How Window Shutters Help You Control Room Temperature

When closed, shutters become the next best barrier against Clearwater’s wind and variable temperatures – after your windows. Other window treatments such as blinds, shades, and draperies block most of the temperature from outside, not all. And, when you need a quality-made window treatment that gives you a comfortable spot by the window, Polywood® shutters are the preferred choice.

Polywood shutters are crafted from a synthetic polymer. Polywood shutters insulate up to 70% better than an equivalent traditional wood shutter. As a matter of fact, the Polywood Shutter Insulating System blocks as much as 30 degrees of airflow and diminishes heat transfer by 45.96%. This results in energy savings for you – and total room temperature control.

Your home’s heating and cooling system will work faster now that you’ve insulated against the impact from the outside weather. When you want to bring in some of the effects of the external elements, just move the louvers and adjust them to how you’d like them. You can get even more window treatment temperature control by closing your shutters properly.


How to Close Your Shutters for Maximum Temperature Control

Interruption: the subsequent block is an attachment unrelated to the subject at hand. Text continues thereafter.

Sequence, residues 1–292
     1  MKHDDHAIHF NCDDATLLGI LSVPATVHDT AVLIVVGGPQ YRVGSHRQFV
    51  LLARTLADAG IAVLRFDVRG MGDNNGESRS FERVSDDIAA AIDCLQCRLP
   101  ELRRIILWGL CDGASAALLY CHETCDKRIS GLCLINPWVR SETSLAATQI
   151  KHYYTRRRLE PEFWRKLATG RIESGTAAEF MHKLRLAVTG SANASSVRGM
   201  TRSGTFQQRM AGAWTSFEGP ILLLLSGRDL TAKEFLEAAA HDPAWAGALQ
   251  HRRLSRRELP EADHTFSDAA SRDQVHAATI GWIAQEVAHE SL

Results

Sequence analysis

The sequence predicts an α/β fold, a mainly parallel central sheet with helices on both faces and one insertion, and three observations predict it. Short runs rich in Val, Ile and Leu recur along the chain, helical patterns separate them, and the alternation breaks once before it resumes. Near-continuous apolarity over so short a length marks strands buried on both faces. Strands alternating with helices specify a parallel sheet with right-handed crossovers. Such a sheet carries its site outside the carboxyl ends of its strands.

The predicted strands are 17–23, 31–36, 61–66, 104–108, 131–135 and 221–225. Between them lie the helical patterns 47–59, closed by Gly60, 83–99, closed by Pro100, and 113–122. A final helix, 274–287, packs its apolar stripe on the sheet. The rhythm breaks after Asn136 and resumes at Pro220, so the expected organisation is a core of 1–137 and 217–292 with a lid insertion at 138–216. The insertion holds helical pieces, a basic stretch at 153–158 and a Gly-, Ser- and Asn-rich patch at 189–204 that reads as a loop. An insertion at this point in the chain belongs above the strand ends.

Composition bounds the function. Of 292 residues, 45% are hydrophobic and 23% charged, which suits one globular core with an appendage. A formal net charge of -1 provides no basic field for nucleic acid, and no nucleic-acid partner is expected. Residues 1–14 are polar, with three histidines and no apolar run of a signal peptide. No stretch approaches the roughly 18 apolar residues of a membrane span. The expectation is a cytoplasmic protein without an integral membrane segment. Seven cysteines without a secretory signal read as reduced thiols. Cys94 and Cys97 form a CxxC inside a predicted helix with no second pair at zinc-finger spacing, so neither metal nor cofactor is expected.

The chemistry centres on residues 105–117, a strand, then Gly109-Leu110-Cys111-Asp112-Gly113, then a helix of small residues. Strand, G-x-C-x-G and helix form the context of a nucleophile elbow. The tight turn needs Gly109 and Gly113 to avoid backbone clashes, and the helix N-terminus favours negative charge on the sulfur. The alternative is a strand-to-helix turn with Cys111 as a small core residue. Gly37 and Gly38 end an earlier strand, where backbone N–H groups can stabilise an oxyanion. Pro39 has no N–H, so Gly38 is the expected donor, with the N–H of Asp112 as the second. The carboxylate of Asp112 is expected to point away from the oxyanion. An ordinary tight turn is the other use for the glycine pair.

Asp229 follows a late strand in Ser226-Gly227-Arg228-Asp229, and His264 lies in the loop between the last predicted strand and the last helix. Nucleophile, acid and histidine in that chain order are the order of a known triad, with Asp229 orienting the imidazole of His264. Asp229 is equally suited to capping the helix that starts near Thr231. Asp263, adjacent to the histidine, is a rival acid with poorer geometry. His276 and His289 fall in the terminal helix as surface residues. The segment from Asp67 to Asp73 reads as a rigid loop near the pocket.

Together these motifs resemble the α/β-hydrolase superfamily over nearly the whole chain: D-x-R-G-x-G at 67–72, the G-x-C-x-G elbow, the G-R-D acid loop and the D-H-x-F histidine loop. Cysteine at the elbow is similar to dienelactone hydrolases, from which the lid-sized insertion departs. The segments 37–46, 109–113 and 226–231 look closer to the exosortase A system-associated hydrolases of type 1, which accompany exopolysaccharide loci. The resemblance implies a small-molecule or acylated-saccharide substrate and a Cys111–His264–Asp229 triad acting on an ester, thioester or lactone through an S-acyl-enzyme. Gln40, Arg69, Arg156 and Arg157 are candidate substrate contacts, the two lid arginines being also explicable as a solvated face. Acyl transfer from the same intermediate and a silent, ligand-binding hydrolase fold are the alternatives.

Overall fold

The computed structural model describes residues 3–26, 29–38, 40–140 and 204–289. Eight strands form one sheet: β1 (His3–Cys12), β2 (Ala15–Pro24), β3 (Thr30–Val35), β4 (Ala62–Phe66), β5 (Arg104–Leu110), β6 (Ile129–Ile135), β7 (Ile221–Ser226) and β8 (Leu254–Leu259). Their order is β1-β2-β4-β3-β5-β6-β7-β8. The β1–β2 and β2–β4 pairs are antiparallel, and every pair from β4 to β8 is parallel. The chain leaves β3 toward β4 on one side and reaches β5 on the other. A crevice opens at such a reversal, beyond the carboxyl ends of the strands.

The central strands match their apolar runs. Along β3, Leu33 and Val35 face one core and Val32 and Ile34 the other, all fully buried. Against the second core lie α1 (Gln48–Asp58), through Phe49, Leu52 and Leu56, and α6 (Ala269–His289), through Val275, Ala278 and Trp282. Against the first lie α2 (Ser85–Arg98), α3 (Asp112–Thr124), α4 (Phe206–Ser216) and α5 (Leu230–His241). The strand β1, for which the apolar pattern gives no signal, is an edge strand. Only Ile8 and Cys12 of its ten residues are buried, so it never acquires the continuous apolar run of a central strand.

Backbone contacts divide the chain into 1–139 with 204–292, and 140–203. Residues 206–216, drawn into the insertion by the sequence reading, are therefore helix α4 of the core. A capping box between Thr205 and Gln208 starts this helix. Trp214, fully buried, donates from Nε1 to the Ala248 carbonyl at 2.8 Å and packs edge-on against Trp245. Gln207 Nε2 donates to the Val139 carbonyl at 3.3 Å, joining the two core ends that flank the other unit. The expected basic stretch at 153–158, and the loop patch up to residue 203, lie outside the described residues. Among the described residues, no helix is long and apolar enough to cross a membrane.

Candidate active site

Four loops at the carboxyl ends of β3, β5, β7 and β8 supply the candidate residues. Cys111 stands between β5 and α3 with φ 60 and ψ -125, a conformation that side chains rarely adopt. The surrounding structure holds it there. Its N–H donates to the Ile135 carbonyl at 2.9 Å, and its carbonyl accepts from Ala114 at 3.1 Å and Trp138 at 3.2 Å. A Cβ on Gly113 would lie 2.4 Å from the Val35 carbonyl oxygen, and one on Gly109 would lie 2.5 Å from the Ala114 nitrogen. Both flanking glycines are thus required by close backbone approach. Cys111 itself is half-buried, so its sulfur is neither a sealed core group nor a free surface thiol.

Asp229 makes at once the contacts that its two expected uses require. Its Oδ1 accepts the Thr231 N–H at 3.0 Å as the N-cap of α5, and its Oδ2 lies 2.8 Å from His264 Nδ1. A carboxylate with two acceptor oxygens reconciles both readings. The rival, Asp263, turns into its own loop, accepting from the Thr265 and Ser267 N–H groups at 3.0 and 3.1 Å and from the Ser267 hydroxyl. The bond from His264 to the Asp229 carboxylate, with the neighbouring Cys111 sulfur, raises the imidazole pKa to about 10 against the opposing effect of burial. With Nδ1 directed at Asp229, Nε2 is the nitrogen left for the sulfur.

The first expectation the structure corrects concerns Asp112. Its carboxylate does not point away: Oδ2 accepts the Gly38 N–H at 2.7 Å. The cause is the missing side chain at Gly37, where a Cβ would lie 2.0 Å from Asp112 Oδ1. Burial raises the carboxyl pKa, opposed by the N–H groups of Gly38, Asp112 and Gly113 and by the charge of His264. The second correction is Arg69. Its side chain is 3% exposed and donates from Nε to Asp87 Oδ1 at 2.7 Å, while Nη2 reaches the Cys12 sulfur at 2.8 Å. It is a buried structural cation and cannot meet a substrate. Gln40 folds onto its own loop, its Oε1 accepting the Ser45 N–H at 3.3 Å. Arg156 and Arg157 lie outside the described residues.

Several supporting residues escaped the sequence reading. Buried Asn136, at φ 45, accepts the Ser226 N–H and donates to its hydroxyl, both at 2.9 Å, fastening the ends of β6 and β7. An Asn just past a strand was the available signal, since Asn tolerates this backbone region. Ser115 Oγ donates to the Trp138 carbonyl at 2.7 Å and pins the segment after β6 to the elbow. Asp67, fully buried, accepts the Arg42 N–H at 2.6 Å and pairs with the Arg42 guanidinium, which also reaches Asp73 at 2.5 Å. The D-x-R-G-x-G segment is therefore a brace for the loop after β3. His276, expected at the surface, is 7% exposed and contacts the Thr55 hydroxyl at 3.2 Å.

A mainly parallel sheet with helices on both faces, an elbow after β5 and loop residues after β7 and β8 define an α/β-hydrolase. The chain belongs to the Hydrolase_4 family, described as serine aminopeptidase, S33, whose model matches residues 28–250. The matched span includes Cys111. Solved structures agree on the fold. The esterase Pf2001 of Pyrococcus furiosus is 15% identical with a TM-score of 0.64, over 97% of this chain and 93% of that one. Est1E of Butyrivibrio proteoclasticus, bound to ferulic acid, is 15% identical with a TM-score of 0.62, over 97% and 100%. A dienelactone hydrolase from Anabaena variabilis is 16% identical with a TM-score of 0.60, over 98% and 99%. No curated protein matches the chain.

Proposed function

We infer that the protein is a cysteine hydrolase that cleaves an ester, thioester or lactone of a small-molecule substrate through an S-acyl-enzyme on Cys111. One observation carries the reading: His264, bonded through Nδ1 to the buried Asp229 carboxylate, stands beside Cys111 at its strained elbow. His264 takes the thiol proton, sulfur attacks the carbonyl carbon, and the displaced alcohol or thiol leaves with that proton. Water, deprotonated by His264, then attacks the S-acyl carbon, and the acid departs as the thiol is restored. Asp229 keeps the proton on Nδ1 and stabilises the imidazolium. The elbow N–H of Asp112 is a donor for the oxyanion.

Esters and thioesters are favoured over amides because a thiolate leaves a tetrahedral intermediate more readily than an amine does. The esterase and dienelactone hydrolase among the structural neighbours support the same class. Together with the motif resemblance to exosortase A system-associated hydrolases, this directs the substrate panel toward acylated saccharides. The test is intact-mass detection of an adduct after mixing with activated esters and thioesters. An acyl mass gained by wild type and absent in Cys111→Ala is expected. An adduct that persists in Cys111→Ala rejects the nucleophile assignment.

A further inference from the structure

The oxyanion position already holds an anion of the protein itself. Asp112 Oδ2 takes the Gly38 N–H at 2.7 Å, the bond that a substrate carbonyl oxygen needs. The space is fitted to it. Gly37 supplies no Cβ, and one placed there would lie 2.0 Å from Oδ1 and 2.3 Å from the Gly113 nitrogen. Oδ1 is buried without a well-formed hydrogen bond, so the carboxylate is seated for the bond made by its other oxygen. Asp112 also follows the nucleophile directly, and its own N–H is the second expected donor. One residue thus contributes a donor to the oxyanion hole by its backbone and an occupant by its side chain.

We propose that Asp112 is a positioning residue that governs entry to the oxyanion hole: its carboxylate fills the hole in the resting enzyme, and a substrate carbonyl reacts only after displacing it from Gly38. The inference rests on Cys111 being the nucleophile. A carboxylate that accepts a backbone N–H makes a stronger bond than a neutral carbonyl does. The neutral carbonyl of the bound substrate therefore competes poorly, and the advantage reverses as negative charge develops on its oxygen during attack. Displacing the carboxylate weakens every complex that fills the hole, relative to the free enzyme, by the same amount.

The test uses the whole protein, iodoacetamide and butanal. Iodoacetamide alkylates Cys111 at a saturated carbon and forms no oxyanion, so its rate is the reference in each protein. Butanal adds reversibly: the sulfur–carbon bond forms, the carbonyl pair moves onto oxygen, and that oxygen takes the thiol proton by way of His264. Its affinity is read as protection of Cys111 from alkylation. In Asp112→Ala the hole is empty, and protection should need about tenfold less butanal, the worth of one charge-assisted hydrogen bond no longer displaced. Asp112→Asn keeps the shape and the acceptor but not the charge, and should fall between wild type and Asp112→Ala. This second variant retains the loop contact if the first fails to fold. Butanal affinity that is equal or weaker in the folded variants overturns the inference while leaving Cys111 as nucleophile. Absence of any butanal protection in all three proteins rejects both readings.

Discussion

Two parts of your shutters ought to be closed to seal off external temperature: the panels and the louvers.

To close your Polywood shutter panels properly, swing them toward the window. As you push the panels into the shutter frame, check that the pieces of weatherstripping interlock along the vertical ends of your shutters.

Temperature Control 

To close your louvers properly, push the tilt rod toward the louvers, checking that the top of the tilt rod fits into the "mouse hole," which is above the top louver. The best way to do that is to run your hand up the tilt rod, pushing in as you go. This is particularly true for taller shutters: sometimes a little push at the bottom of the tilt rod isn't enough and can leave gaps at the top.

Temperature Control